„We set out to ask: What’s the Windows way to do something?“ says Sam Moreau, Microsoft’s head of user-experience design for Windows 7. „We had to make sure that we took care of Windows as having an authentic soul.“ He knows you may be snickering, especially if you use Vista. „Vista tried to do a lot of things, and the places where we didn’t finish the job are the places people feel,“ he says.

The early positive reviews suggest that Moreau has helped make Windows 7 much more satisfying to use. Engadget called it „fast, painless, and complication free,“ and as Gizmodo charmingly notes, „Even the Mactards will have to tone down their nasal David Spadian snide, at least a little bit.“

Silencing Mac snobs is merely a side benefit of Moreau’s official goal: Quiet desktop clutter and shave seconds off of daily tasks. „Windows‘ point of view is about adding value and solving distractions,“ he says.

A career Web designer, Moreau was an unlikely choice to pull this off. „I was told that was the point,“ he says. In turn, he amassed his own band of architects, artists, and writers who could bring fresh perspectives to Windows 7. We asked Moreau and his team to tell the tales behind six buzzed-about Windows 7 features.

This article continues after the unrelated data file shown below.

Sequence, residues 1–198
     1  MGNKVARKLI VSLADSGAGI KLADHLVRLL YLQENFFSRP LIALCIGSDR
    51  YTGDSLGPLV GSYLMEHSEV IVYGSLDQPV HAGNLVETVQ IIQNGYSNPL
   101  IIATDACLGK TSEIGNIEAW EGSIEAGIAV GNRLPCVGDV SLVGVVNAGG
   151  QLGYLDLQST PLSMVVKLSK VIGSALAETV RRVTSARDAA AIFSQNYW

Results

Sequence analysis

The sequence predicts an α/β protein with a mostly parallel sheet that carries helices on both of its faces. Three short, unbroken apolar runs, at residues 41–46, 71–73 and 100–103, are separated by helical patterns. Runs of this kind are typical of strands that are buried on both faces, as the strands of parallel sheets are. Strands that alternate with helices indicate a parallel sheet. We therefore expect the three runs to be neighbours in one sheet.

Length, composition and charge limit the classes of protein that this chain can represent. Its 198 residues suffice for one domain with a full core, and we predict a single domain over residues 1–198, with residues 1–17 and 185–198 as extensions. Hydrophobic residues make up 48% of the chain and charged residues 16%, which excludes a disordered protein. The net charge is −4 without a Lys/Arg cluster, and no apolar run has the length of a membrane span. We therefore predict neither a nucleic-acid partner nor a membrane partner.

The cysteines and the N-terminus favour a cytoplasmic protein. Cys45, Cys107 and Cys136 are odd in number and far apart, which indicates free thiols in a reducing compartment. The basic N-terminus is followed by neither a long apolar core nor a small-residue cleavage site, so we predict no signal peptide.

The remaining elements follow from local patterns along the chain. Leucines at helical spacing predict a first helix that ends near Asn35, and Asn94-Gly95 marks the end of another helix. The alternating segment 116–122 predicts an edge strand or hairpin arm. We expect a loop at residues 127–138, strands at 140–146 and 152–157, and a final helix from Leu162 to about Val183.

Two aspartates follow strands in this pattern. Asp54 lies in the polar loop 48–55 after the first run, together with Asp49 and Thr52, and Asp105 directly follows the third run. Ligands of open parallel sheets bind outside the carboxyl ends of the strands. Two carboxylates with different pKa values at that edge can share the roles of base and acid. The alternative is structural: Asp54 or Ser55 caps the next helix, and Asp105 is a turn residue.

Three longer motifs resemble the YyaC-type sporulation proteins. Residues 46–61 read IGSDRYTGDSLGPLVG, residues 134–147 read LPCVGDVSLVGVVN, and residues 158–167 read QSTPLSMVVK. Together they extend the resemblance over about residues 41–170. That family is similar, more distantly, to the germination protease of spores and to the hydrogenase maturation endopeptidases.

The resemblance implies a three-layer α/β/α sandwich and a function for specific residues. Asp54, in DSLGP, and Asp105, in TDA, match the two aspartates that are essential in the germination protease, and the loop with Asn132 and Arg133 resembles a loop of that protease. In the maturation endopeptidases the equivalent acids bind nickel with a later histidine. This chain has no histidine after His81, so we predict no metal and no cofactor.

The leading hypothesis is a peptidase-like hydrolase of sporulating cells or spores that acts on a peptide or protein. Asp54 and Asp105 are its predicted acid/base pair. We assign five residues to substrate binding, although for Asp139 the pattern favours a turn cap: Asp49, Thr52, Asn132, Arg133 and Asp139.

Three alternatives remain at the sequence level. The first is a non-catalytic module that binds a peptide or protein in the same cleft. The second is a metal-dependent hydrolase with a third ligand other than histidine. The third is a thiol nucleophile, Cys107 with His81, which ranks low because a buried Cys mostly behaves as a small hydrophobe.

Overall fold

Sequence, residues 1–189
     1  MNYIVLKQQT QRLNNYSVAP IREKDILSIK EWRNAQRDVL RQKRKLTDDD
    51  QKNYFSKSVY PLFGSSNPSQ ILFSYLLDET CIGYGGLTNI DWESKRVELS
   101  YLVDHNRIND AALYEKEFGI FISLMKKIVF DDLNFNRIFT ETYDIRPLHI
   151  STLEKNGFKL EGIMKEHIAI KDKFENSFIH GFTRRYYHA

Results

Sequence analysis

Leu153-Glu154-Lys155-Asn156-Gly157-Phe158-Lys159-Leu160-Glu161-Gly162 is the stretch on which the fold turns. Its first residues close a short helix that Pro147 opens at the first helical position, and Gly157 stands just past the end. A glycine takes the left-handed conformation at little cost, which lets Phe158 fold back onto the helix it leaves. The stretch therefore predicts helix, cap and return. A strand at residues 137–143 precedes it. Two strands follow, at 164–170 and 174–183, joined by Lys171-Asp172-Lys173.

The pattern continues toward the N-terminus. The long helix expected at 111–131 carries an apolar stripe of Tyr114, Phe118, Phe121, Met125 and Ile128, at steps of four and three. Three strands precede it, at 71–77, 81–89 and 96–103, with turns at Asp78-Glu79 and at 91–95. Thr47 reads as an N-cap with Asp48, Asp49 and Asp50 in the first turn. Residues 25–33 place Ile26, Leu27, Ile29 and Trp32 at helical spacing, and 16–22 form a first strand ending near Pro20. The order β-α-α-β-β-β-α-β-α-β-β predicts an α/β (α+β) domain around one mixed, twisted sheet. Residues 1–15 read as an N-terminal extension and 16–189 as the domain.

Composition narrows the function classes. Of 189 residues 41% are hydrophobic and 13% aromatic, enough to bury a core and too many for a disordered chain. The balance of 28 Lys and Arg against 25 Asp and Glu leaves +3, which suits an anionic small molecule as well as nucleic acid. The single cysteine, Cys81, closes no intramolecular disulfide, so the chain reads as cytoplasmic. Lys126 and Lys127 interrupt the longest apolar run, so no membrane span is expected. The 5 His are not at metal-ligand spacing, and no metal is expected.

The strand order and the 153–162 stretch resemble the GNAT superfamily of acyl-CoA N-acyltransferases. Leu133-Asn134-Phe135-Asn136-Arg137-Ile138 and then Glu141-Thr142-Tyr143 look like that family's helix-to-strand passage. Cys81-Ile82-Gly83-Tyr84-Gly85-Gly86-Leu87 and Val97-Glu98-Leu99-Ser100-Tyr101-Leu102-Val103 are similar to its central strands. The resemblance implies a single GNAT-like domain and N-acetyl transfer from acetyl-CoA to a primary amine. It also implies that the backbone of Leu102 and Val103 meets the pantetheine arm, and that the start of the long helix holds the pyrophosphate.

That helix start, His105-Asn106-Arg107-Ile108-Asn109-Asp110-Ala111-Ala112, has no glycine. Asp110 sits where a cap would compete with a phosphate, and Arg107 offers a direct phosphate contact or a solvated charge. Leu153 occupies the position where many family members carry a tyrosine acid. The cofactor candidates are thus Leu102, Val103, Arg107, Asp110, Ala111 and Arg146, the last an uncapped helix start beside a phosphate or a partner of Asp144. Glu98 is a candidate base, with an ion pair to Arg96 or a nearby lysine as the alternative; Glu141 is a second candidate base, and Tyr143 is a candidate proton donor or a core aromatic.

Vista opened with a series of blinks and beeps that reflected the under-the-hood technical operations. With Windows 7, Moreau wanted to mask the mechanics with stirring cinema. Writer Rolf Ebeling led the design of the 105-frame sequence. „It was nerve-wracking when Sam leaned into my doorway and asked, ‚How good is your animation?‘ “ says Ebeling. He used swirling fireflies that coalesce into the Windows icon to foreshadow the operating system’s use of light. „As a journalist, I knew I needed to make the point quickly, but how do you get the tone just right and make it something people want to come back to again and again?“

Windows Vista used a sheet-of-glass effect on the task bar, but Moreau and company made it more realistic. Industrial designer Stephan Hoefnagels studied physical properties of everything from Audi taillights to bioluminescent sea creatures to lava lamps, and then crafted more than 90 prototypes to make the task bar’s light look „energetic and alive“ and the refraction realistic. „As you hover over an application, the tile glows, but as you move, the light trails and follows you,“ he says. Rather than cast a monochromatic aura, Windows 7 pulls color from the application (Firefox, for example, burns orange). „The task bar is the face of Windows, but the icons are the stars of the show.“